Originally published in the Lathrop Lamp Post, Aug. 4-17, 2018
Cute little caterpillars have appeared on Daphne Stevens’ dill plants on the north campus. Her neighbor Carol Neubert sent me a photo, asking, “What are they?”
They’re Eastern black swallowtails (Papilio polyxenes). Let’s call this one “Pap.”
Pap is here because, several weeks ago, a male swallowtail staked out a territory near Daphne’s dill plants and vigorously defended it against other males.
Pap’s mom, after mating with him, laid her eggs on a plant that Pap and his sibs would be able to eat—which means a member of the carrot or citrus family, including dill. If she lays her eggs on the wrong plant, the kids won’t recognize it as food or won’t be able to overcome the plant’s toxins, and will die.
Originally published in the Lathrop Lamp Post for July 28-Aug. 3, 2018
When you humans see us butterflies flitting from flower to flower, you may think we’re playful and carefree. But actually we’re frantic. As a butterfly, there’s a lot to do before you die, and for most of us, 2-3 weeks is it.
First, ya gotta eat. Flowers are your only food. And not all flowers. Those tubular flowers?—you have to be one of the species of butterfly with a long tongue. And some of us males, like the tiger swallowtail, need to sip at mud puddles to get the salt and minerals we need for our, ahem, virility. Not so easy in a drought.
And it’s dangerous out there. You could be dinner for birds, lizards, frogs, toads, chipmunks, or voles, not to mention other insects, who you think would have a sense of kinship, but no. Actually, your best defense is your bright colors, because they tell predators your body contains poisons. If you’re a monarch, for example, your body still contains the poison from the milkweed you ate as a little squirt.
First published in Lathrop Lamp Post of July 21-27, 2018
Skunks seem to be on homeowners’ “most wanted” list of criminals. The internet is full of ads by companies that will get rid of them for you.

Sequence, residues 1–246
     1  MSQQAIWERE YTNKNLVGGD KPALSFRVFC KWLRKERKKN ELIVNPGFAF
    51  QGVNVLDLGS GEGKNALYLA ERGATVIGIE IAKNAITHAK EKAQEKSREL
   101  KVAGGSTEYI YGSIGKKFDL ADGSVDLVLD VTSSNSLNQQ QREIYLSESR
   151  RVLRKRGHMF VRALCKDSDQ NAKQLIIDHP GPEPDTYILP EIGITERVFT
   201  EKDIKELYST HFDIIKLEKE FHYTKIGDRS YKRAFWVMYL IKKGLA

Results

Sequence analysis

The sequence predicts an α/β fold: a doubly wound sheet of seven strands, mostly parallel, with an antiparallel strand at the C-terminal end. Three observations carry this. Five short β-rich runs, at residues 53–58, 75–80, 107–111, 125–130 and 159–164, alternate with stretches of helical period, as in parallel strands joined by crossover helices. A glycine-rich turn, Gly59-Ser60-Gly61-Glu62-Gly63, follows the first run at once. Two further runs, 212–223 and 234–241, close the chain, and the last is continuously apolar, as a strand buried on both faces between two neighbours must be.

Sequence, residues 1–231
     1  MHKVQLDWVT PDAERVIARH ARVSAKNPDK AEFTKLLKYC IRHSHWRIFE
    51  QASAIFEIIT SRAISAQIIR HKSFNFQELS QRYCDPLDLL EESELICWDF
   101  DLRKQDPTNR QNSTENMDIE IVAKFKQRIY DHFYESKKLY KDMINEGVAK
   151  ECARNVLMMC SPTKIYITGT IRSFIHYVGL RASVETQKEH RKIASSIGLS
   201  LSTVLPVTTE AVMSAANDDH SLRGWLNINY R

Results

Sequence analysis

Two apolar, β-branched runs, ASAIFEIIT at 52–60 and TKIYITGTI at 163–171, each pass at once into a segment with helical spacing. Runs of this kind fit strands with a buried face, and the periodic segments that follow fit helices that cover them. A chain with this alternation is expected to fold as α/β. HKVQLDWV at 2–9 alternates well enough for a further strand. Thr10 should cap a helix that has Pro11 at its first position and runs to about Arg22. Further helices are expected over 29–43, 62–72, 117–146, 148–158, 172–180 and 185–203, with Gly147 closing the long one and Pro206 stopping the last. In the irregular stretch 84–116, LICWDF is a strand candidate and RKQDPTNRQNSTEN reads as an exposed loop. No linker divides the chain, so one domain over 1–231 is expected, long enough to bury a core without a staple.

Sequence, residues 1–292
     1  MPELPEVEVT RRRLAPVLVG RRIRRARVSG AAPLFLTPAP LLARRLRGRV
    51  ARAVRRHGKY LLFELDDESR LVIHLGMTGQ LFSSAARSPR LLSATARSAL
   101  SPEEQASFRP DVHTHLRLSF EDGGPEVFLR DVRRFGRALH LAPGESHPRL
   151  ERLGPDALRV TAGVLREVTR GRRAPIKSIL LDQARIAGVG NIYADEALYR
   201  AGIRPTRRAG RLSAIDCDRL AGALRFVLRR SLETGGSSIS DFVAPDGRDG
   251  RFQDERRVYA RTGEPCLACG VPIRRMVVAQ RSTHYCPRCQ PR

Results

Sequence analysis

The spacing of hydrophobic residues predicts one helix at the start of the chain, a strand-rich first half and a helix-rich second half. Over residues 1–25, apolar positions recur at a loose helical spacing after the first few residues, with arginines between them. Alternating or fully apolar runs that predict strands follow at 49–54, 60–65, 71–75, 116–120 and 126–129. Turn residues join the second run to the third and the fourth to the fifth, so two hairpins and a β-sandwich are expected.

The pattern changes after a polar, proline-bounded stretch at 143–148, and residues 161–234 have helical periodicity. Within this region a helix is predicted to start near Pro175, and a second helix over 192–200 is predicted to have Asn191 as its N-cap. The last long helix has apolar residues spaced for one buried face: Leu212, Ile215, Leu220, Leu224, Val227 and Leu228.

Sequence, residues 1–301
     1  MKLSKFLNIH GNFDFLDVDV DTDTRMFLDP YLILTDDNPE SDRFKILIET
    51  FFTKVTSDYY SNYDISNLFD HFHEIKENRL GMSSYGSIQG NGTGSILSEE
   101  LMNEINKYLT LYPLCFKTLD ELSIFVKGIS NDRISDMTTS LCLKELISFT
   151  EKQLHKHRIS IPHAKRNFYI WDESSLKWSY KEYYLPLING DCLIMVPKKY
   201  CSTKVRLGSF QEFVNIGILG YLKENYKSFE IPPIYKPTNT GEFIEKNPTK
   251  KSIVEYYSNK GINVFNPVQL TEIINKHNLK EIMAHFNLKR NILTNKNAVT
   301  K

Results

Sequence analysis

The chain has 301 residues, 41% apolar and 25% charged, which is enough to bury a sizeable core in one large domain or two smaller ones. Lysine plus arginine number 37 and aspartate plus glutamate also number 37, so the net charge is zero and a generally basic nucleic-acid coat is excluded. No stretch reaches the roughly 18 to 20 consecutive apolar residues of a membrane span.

At Lathrop, though, we want our skunks.
We do? But won’t we get sprayed? Not likely. Skunks are not aggressive. They move about mostly at night and try to avoid contact with us. When threatened, they spray their scent only as a last resort. First they will hiss, growl, and stamp their front feet.
A Canadian government website calls skunks one of the most beneficial animals for gardeners and farmers. They eat chipmunks, voles, mice, and rabbits, as well as grubs and insects that destroy crops. In fact, skunks proved such an efficient enemy of the hop Continue reading Wanted: Skunks→
On July 9, nine residents trekked through fields and woods to the far north section of the east campus along Bassett Brook. This land is largely invisible to most residents. It lies beyond our trails and beyond the “Free Fifty” acres of forest from which we’ve removed invasives in the past.
It’s still a basically healthy forest, quiet and beautiful, with maples and pines on rolling slopes along the multi-channeled Bassett Brook and its wetland. But scientific research shows that the increasing presence of invasive plants like multiflora rose, shrub honeysuckle, and oriental bittersweet could significantly reduce the wildlife our land can support (http://www.inwoodlands.org/what-do-our-private-invasive/).